And so it seems like racial attitudes are in some way related to that. And I do at least discuss that case in the paper. And I think it is important to say to academics that although all of that is right, and I’m sure racial attitudes did play a role, just because someone voted for Donald Trump, that doesn’t necessarily mean that they’re a racist or that they voted for Trump for bad reasons or for identity-based reasons, things like that. There are all kinds of reasons that somebody might have voted for Donald Trump. For non-racist reasons or for non identity-based reasons, including just they have different preferences over things like tax policy.

That seems like an obvious point. And yet I think a lot of people in the immediate aftermath of the 2016 presidential election looked at that and said, oh, it must be that America is racist, and it must be that they’re all driven by identity and they’re unthinking partisans and so forth. And I just don’t find that to be very compelling. And I think a closer look at the data and with maybe some years of reflection, I hope more people can agree with me on that.

Matt Grossmann: So in the initial converse discussion of ideologues, it’s not just that they hold consistent positions, but that they have some super structure that they can articulate that is driving their political views. And there are a lot of things beyond just ideological self identification that people have looked at, such as core values like traditionalism and egalitarianism or personality traits like openness to new experience. Where do these things fit in your view? You know, not just in policy voting, but in thinking about what a moderate or what a liberal or conservative is. Is there anything that is holding these views together and is there any piece in the middle that you think might be independently important? So just to, I guess, put out one model, even if you had a full spectrum of policy views, often you can still help predict vote if you add things to that like identification and some of these moral traditionalism and other kinds of super structure or things we use to think about or connected to those policy views.

Anthony Fowler: Yes, I’m sure all of that’s right. I mean, it must be the case that almost everybody has core principles of some kind. I mean, I don’t buy into this view that people really have no ideology or something. Of course, everyone has core views, maybe they can’t fully articulate and maybe they couldn’t tell you like, oh yes, I’m an egalitarian or whatever. But they have these core values that are in fact largely determining how they think about policy. And they might also be torn, of course, they could say, look, there’s these competing considerations. I can see where the conservators are coming from and this, and I can also see where the liberals are coming from on this, and that’s why I end up being in the middle. And I think a lot of those people that converse concludes are unsophisticated, are in fact just people in the middle.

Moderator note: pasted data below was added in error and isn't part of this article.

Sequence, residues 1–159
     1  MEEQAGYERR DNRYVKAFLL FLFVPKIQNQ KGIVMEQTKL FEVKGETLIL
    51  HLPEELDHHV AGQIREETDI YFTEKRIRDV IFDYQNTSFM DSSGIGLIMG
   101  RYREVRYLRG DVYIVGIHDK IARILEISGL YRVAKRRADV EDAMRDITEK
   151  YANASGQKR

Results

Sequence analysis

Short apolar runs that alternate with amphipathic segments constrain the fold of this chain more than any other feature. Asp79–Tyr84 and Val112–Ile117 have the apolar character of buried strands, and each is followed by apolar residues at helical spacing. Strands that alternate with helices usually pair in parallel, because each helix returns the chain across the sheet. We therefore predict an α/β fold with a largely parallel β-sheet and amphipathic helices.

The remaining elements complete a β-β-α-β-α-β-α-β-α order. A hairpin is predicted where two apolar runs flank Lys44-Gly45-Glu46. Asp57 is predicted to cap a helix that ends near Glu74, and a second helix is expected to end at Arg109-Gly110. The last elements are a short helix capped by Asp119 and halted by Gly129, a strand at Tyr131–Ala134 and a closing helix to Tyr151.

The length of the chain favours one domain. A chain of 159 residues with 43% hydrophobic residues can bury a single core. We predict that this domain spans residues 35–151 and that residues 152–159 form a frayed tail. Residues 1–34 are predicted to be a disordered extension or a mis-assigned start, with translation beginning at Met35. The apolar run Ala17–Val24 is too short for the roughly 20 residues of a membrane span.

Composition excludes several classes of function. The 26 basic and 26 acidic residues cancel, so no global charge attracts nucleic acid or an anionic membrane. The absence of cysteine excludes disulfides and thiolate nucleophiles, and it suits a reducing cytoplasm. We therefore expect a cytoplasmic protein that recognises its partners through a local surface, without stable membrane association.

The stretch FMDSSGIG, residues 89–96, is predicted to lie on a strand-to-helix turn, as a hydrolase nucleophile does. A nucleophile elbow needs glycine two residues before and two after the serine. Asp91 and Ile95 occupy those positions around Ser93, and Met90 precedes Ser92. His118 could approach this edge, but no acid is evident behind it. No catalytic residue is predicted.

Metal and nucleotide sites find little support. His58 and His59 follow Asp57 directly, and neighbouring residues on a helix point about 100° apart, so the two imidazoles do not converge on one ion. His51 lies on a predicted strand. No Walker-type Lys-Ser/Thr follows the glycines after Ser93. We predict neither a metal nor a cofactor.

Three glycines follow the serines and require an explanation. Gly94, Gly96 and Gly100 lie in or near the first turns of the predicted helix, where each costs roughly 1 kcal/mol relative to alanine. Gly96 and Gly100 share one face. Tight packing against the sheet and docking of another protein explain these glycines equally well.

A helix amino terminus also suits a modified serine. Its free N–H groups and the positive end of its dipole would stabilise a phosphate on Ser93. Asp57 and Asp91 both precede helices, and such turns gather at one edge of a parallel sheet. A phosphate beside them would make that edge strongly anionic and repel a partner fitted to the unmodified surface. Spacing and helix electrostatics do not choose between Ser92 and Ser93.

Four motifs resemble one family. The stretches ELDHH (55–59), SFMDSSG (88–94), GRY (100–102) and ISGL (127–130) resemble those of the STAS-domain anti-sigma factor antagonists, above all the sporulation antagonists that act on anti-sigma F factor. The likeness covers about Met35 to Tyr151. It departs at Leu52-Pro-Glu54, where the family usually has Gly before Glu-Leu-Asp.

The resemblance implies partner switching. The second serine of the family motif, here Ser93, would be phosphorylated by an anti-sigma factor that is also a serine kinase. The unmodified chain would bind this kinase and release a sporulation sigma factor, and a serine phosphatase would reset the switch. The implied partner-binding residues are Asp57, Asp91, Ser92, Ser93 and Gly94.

I think a big reason why you observe a low correlation between at least a lower correlation for regular members of the public than for elites in converses study is because there are a bunch of people in the middle who they might have given the conservative answer had the question been worded a little differently, and they would’ve given the liberal answer would’ve been worded differently. So I think these core values are of course, important to different people and they’re turned up at different levels for different people. The liberals care more about some of them and conservatives care more about some of them. And the majority of people find themselves somewhere in the middle and they find both arguments to be persuasive a little bit. So I think that must be right. And to the extent that you can measure those core values better than we can measure them through binary policy questions, I would expect them to strongly correlate with vote choice.